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"It had always been my dream and goal to enhance the beach area at Pot-Nets. In the 60's , I couldn't talk Melvin Joseph into bringing in a bulldozer during the extreme low/low tides which usually occurred in March. He was afraid that the salt water would do more damage and harm to his bulldozer than it would be worth. I wanted to have him back out as far as he could and bulldoze the sand forward to enlarge the beach area. During the late 80's and early 90's, Rob spoke with 4 or 5 environmental engineering consultants about obtaining a permit from DNREC to enhance the beach. No one said it could be done and would not attempt to get a permit. Finally, Rob met with Ed Fulford from Andrews-Miller & Associates out of Easton, MD. He had many clients on the Chesapeake Bay doing what we wanted to have done. It was in March of about 1990, since Rob had not been successful with anyone when he asked "can you get us a permit?". He didn't ask Ed Fulford "if" he could get a permit, he asked "how long would it take to get a permit". Ed's response was 6-months. We actually received the permit in 7-months!! This was a test pilot for DNREC and the Corp of Engineers. No one had privately asked for such a permit in the State of Delaware."
- Robert W. Tunnell, Sr. (1914-2000)
Some very useful information has been coming in from our elected representatives, which provides great tips and resources for Delaware residents.
You can click the buttons below to subscribe to e-mail updates from Senator Pettyjohn & Representative Ruth Briggs-King.
Governor Carney will give a COVID-19 briefing at 1:00 p.m. The Governor will be joined by Dr. Karyl Rattay, Director of the Division of Public Health, and AJ Schall, Director of the Delaware Emergency Management Agency.
The Delaware State Housing Authority (DSHA) is offering emergency housing assistance to Delawareans who are experiencing financial hardships as a result of COVID-19.
Eligible households are eligible for up to $1,500 in assistance, with payments made directly to the property owner or utility company. For more information, and to check eligibility, please visit the link below.
Please bear with us as we continue to work on the storm drains near Half Shell & Canvasback Roads. Please drive with caution through this area, and watch for the signs and traffic controls.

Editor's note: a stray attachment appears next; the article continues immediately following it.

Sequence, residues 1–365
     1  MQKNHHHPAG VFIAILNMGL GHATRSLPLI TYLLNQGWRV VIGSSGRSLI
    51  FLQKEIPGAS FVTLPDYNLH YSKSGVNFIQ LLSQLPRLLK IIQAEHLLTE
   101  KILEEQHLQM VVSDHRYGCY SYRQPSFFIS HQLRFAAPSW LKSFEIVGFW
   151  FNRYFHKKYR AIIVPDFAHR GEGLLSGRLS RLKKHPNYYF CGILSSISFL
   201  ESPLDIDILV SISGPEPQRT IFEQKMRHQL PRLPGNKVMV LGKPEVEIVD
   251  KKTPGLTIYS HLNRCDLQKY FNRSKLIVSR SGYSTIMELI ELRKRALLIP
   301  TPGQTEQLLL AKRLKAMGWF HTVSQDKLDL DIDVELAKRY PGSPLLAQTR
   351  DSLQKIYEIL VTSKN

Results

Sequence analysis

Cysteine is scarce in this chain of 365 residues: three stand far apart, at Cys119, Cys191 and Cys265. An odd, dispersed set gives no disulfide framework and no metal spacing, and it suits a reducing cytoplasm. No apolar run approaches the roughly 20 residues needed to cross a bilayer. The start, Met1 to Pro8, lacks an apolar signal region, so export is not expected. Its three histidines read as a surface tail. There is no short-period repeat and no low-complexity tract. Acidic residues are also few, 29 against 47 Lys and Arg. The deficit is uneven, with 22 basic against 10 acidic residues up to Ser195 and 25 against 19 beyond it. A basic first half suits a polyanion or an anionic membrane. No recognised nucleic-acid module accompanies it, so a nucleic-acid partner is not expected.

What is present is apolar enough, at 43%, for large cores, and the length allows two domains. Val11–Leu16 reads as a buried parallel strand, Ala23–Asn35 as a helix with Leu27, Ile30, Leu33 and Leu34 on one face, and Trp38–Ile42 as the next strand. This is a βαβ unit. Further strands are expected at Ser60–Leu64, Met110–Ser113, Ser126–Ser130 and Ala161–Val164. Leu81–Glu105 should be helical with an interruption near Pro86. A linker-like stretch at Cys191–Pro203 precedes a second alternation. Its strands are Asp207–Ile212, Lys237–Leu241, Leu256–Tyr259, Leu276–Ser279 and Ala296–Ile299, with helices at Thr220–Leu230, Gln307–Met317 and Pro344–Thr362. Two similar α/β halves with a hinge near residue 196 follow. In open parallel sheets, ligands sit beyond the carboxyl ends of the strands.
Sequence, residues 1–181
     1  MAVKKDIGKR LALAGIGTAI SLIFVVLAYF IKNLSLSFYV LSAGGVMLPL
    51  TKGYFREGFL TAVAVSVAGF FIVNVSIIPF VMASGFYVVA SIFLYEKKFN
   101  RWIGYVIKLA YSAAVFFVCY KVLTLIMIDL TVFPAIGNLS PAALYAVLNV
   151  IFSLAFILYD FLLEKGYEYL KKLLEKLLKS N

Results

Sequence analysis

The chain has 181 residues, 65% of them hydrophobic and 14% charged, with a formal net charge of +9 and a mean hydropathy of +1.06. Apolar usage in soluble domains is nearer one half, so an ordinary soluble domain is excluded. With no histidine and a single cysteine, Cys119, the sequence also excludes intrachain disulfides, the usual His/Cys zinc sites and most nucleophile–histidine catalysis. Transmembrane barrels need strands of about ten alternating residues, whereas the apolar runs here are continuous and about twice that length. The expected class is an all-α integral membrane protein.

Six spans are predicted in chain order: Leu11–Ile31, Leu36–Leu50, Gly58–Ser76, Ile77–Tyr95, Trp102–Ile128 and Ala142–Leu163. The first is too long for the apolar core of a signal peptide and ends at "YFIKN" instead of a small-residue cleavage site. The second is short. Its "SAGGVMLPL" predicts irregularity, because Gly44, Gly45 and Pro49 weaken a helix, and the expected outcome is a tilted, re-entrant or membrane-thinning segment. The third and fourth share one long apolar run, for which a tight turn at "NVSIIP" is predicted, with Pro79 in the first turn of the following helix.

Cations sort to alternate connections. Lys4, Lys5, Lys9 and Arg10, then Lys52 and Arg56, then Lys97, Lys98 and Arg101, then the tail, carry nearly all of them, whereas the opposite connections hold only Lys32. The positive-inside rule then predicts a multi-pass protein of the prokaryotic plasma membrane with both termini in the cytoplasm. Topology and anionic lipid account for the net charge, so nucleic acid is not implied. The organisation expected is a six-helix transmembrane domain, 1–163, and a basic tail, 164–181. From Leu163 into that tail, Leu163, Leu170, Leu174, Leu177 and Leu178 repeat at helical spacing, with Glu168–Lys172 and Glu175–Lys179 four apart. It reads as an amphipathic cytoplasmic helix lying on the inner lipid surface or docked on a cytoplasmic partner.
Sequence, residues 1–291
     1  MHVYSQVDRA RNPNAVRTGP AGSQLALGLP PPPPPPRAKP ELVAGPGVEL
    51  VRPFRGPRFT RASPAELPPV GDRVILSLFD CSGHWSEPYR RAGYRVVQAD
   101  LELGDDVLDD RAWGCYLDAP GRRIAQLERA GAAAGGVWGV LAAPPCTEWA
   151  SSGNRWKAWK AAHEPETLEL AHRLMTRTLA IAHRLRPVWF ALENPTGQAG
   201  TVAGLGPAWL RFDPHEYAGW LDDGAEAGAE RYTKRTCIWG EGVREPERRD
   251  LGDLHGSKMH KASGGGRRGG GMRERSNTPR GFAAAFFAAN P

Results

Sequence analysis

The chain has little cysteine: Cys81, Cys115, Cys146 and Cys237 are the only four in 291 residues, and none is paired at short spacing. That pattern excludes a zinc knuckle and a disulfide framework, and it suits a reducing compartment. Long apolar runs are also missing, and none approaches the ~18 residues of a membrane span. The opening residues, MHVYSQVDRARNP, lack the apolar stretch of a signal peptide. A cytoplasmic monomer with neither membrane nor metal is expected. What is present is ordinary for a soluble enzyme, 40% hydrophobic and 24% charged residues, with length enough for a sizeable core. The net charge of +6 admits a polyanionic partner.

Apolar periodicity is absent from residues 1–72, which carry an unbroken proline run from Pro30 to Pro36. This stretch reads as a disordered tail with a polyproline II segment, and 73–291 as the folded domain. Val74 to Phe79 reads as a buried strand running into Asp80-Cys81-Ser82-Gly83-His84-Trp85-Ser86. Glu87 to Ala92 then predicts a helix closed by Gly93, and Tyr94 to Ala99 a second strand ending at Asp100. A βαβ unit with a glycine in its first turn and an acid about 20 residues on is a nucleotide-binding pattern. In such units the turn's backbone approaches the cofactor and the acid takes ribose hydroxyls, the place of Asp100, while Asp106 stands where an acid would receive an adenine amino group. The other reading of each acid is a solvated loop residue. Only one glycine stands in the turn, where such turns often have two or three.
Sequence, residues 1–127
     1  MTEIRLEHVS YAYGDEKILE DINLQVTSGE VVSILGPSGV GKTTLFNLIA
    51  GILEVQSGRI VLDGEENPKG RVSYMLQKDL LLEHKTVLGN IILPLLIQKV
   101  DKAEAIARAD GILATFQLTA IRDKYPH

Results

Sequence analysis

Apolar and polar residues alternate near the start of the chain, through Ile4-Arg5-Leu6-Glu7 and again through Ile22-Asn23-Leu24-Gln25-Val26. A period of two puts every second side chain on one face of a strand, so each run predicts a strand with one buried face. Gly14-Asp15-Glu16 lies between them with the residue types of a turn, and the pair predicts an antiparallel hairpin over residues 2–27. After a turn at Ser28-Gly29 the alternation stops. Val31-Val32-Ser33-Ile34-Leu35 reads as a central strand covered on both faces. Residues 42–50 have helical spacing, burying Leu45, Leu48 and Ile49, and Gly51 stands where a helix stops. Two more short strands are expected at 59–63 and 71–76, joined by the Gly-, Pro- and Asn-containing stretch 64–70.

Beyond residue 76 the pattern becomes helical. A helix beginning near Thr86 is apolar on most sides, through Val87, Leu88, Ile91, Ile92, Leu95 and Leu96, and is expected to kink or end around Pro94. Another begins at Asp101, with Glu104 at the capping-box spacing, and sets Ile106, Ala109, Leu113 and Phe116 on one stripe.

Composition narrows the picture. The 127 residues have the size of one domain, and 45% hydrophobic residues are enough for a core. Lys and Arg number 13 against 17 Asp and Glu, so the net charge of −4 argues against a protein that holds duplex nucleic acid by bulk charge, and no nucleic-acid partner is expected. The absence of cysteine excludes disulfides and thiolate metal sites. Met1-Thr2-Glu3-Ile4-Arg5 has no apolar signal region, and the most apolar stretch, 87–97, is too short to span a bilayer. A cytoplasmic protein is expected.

Creekside Pool renovations are still underway, we are optimistic that we will be able to open the pools at the regularly scheduled date.
We will notify you if this date changes or is postponed.
The Pot-Nets Landscaping crew has been busy in Seaside adding a new bulkhead and beachgrass to Sunset Strip!
Facebook Live Entertainment with Captain Mike Sunday, April 5 - 12pm - 3pm
Join us on Facebook from 12:00 to 1:15 on Sunday for Brunch For Beebe! Captain Mike will be returning live on our Facebook page playing your favorite music! We can all enjoy live music and still practice social distancing while helping raise money to help fight COVID-19.
A direct Venmo link will be available, with ALL proceeds going directly to Beebe's COVID-19 Fund! Specials are featured below:
Choice 1- $10.99 Brunch Bacon egg and cheese or sausage egg and cheese on a homemade buttermilk biscuit accompanied by an orange or grapefruit crush or Bloody Mary (Pick either a crush or Bloody Mary, 1 drink per brunch special) * Choice 2- $10.99 Brunch Chicken & Waffle sandwich. accompanied by an orange or grapefruit crush or Bloody Mary (Pick either a crush or Bloody Mary, 1 drink per brunch special) * 302-945-0500 / Curbside Pickup / ID required for specials featuring alcohol * The Crushes and Bloody Mary are ONLY AVAILABLE Sunday for the Brunch For Beebe event, not before.
This will only be on our Facebook page, no one is allowed in the pub besides employees working.
As we continue to deal with the effects from COVID-19, Paradise Pub is limited to carry-out only.
In these trying times, Paradise Grill has been working diligently to support the Paradise staff who is currently out of work or on reduced hours.
Apparel & coupon calendars are available on their website with all proceeds benefiting their employees. For more information, click the button below.
Homes are selling quick at Pot-Nets! Here are just a few of the homes that have closed recently:
I-1 Island Drive- Bayside 3 Beds/ 2.5 Bath - 2,440 sq. ft.
Click the image to learn more!
31 West Mallard Road, Dockside 2 Beds/ 2 Bath - 1,056 sq. ft.
Click the image to learn more!
Starting on Monday, April 6th, we have a limited number of self-storage containers available in the compound at Pot-Nets Bayside. These are available for rent at the rate of $75 per month (billed annually, or prorated to end of the current year). Each container measures 8-feet wide by 20-feet deep, and has a lockable roll-up door and an air vent. There is an electric security gate at the entrance to the compound, and you’ll get your own access card to open the gate.
You can call our Front Desk at (302) 945-9300 to get your storage container.
Plant Picks - Three Native Plants By Cameron Marcelle